b. 1981 San Francisco, California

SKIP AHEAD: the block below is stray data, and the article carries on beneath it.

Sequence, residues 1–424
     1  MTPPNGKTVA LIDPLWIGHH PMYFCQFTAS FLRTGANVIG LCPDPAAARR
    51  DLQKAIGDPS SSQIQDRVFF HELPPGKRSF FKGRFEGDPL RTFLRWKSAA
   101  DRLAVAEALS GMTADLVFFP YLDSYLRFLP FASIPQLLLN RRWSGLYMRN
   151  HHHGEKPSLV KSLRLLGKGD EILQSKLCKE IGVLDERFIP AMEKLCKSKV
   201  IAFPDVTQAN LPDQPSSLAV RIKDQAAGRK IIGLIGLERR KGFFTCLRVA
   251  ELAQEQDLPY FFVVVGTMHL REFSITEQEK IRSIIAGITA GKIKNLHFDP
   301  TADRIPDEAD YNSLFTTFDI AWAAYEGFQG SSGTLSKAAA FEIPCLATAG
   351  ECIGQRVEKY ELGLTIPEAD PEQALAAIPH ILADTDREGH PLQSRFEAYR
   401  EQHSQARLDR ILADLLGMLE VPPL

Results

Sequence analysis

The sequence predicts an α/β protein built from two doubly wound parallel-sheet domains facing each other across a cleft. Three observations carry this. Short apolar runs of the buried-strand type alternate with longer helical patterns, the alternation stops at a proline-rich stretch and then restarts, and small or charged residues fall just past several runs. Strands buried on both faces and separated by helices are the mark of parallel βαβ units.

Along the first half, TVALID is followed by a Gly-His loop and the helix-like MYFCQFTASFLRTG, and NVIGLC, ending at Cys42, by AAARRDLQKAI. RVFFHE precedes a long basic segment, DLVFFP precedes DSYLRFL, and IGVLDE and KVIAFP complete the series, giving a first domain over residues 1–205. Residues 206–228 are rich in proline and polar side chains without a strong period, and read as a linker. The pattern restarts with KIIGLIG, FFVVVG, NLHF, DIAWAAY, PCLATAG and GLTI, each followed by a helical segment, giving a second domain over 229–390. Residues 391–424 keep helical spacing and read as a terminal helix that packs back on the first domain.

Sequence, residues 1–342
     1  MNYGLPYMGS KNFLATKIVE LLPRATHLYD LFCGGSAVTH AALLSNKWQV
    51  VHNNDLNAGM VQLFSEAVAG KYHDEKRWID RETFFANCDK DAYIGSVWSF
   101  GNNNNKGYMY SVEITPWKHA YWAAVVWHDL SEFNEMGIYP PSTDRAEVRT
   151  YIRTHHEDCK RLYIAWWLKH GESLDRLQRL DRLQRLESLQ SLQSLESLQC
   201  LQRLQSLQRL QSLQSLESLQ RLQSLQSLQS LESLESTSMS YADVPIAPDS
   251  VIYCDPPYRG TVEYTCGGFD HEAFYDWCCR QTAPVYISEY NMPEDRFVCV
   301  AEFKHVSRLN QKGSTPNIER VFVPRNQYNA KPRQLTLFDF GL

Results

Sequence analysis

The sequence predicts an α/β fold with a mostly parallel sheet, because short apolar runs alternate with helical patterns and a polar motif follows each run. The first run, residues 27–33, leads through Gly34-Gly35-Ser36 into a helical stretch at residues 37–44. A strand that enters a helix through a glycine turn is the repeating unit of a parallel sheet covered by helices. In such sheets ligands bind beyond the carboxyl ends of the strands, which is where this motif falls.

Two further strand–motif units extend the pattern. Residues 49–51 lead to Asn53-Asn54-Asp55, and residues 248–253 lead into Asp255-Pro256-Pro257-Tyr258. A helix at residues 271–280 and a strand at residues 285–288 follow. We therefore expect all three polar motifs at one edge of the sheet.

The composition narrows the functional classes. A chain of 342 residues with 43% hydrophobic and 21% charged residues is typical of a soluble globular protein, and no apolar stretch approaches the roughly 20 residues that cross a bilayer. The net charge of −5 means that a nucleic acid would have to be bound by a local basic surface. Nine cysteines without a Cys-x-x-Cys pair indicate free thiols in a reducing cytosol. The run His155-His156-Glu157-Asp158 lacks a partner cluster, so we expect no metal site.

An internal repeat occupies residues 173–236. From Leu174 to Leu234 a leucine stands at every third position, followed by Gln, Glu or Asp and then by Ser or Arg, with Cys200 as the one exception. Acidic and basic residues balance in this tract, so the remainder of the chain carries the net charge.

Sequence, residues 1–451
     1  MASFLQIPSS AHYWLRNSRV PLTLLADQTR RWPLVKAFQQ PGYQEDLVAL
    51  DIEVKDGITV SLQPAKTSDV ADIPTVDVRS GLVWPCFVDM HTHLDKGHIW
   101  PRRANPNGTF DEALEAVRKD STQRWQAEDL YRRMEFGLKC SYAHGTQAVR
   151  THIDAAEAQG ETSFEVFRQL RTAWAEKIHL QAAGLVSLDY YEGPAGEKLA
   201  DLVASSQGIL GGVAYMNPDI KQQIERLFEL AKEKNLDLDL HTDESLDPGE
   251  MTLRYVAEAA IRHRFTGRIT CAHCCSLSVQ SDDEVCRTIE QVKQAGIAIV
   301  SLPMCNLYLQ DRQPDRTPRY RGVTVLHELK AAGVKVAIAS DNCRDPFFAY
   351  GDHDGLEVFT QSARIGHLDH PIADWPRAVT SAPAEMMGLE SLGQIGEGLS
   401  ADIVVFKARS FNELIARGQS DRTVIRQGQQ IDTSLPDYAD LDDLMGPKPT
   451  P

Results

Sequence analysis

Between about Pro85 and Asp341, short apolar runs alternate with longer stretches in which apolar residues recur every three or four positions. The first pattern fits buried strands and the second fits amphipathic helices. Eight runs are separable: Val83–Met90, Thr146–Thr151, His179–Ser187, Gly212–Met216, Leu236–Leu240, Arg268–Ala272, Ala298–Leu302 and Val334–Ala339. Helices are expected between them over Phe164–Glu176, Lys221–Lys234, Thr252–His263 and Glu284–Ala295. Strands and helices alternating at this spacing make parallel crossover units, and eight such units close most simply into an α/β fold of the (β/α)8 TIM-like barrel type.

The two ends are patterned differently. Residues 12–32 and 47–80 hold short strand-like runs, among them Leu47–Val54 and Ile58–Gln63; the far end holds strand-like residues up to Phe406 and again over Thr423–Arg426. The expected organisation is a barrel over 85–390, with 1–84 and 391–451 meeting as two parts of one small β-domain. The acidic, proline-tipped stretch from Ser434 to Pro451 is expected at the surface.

Tauba Auerbach's paintings, prints, and photographs engage typography, graphic design, Op art, computer science, and kinetic abstraction from the 1960s. In the past, she has used letters and alphabets as motifs, breaking down, isolating and rearranging the building blocks of written language in order to investigate their formal and semantic properties. Recently, her explorations into elementary binary constructs (Yes/No, Black/White, On/Off), have led to works that address oppositions between the analog and the digital, as well as those between the representational and the purely retinal. For instance, her photographic series Static (2009) is comprised of close-up views of kaleidoscopic static waves from soon-to-be-outmoded analog television signals, which, when examined closely, appear to break apart into a pixilated digital snowstorm. Similarly, her recent series of paintings on canvas titled Crumple (2009) appear to be black and white renderings of crumpled pieces of paper when viewed from a distance. However, when examined at close range they transform into undulating fields of black dots.